Only one GP reported being exposed to more than ten concussions per year whilst 61% of GPs reported exposure to less than five episodes per year. This may be because patients are failing to present for medical assessment following a potentially concussive injury or it may be due to failure of patients to present specifically to general practice. Alternatively, it is possible that a diagnosis of concussion may be overlooked when a patient does present and is assessed. Previous research has suggested that whilst unusual for more than 20 patients to be seen in a year by a family medicine specialist, approximately half see more than ten cases per year [34].

GPs play an important role in the acute phase of symptom management. Previous studies have highlighted the need for ongoing concussion education and awareness to best enable clinicians in this role and understanding the key features in assessment and management of concussion is essential for primary care providers [3].

In this study most respondents identified a delayed recovery as symptoms or signs persisting after five days in both adults and children. It has been demonstrated in experimental models that concussion injury triggers a neurometabolic cascade of events resulting in abnormal potassium, calcium, glutamate, glucose, and lactate levels and altered cerebral blood flow which takes seven to ten days to resolve [35]. Additional microglial and inflammatory responses can continue for considerably longer than this initial metabolic cascade [36]. If GPs are expecting resolution of symptoms in a concussed patient within 5 days, it may be that patients are being allowed to return to activities where they risk sustaining a further concussive force too early and this may have clinical consequences. It has been suggested that phase of recovery should be considered in regards to treatment approaches: Acute (0–4 weeks), Post-Acute (4–12 weeks) and Persistent (> 3 months). [37].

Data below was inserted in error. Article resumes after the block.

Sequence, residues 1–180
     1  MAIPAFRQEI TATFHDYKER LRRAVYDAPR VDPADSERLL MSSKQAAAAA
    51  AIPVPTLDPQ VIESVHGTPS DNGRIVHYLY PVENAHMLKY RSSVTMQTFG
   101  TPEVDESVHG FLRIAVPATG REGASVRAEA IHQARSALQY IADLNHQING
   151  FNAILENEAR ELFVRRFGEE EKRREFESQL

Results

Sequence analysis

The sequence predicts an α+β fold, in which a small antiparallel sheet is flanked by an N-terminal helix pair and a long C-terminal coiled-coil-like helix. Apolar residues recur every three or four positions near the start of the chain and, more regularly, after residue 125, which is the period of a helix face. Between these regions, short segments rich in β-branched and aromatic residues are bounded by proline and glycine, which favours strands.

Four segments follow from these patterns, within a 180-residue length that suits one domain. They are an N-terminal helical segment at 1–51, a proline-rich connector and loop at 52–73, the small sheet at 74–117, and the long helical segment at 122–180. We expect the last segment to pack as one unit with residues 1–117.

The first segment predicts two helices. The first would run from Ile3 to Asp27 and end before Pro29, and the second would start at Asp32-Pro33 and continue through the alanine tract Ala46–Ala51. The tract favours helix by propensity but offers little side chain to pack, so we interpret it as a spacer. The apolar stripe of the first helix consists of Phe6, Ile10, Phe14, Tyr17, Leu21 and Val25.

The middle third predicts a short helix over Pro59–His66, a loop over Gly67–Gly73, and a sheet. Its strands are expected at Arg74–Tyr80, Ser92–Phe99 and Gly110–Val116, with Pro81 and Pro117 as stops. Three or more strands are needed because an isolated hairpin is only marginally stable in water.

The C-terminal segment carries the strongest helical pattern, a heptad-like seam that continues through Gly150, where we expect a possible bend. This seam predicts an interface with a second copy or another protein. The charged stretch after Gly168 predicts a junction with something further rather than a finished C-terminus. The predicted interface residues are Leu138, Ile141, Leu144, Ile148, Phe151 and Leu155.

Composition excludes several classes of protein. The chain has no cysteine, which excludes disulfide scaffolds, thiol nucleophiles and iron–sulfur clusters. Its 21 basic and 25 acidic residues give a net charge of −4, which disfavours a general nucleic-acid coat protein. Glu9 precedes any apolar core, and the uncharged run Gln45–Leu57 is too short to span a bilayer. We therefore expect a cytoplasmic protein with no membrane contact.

It was rare for a secondary diagnosis of concussion to be made by a respondent. It may be that this is due to the lack of exposure to multi-trauma patients in general practice, or may be because patients present later when concussion has been initially overlooked and other trauma-related primary diagnoses have been made elsewhere. Alternatively, GP exposure to concussion may be predominantly in patients who are improving post-event and requesting further management advice and input regarding return to usual ADLS, that is the concussion was diagnosed elsewhere previously.

Thirty-five percent of respondents identified all symptoms of concussion and distractors correctly. It was unexpected that only 63% of respondents identified neck pain as a potential symptom of a concussive injury and only 67% identified neck tenderness as a suggestive sign. Given that concussion can occur as a result of a transmitted force from the body, neck symptoms and signs should be identified as an integral part of any concussion assessment. Education of GPs to assess for concussion in patients presenting with neck pain or tenderness after a potentially concussive injury may increase concussion diagnosis.

Whilst GPs correctly identified signs of balance disturbance, objective memory impairment, vestibular-ocular impairment and facial/scalp injury as a sign that may indicate concussive injury, symptoms of autonomic dysfunction were less commonly identified as potential signs. Increasing evidence relating to dysautonomia has emerged in recent years [38] and this has led to development of early subthreshold exercise programs which may improve patient recovery [39]. Increasing GP knowledge in this area may reduce the numbers of patients suffering from prolonged symptoms and as such should be included in future GP concussion education programs.

Concussion has been described as having multiple symptoms and signs which can be divided into different ‘sub-types’ or clusters [40]. Diagnostic confidence and confidence in management was seen to increase with increasing exposure to patients with concussion in our study. The variation in concussion presentation means that no one strategy is appropriate for all [41] and may explain why older GPs were more confident in management of concussion. Further research is required to confirm that the confidence in management brought about with age is reflected in patient outcomes.